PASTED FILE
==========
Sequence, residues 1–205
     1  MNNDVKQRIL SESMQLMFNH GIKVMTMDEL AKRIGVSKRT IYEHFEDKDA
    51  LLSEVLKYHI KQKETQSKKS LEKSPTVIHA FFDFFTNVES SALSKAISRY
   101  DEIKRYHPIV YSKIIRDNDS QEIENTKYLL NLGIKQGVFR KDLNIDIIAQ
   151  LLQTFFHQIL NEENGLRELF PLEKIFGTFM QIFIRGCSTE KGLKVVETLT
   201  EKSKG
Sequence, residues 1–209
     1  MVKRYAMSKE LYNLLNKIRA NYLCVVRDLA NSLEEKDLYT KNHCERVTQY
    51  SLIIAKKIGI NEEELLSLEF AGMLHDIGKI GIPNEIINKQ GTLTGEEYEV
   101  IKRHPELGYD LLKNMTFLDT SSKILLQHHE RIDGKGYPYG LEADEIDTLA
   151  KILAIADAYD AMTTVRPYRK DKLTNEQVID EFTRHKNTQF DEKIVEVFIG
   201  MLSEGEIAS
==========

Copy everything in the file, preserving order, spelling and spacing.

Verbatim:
Sequence, residues 1–205
     1  MNNDVKQRIL SESMQLMFNH GIKVMTMDEL AKRIGVSKRT IYEHFEDKDA
    51  LLSEVLKYHI KQKETQSKKS LEKSPTVIHA FFDFFTNVES SALSKAISRY
   101  DEIKRYHPIV YSKIIRDNDS QEIENTKYLL NLGIKQGVFR KDLNIDIIAQ
   151  LLQTFFHQIL NEENGLRELF PLEKIFGTFM QIFIRGCSTE KGLKVVETLT
   201  EKSKG
Sequence, residues 1–209
     1  MVKRYAMSKE LYNLLNKIRA NYLCVVRDLA NSLEEKDLYT KNHCERVTQY
    51  SLIIAKKIGI NEEELLSLEF AGMLHDIGKI GIPNEIINKQ GTLTGEEYEV
   101  IKRHPELGYD LLKNMTFLDT SSKILLQHHE RIDGKGYPYG LEADEIDTLA
   151  KILAIADAYD AMTTVRPYRK DKLTNEQVID EFTRHKNTQF DEKIVEVFIG
   201  MLSEGEIAS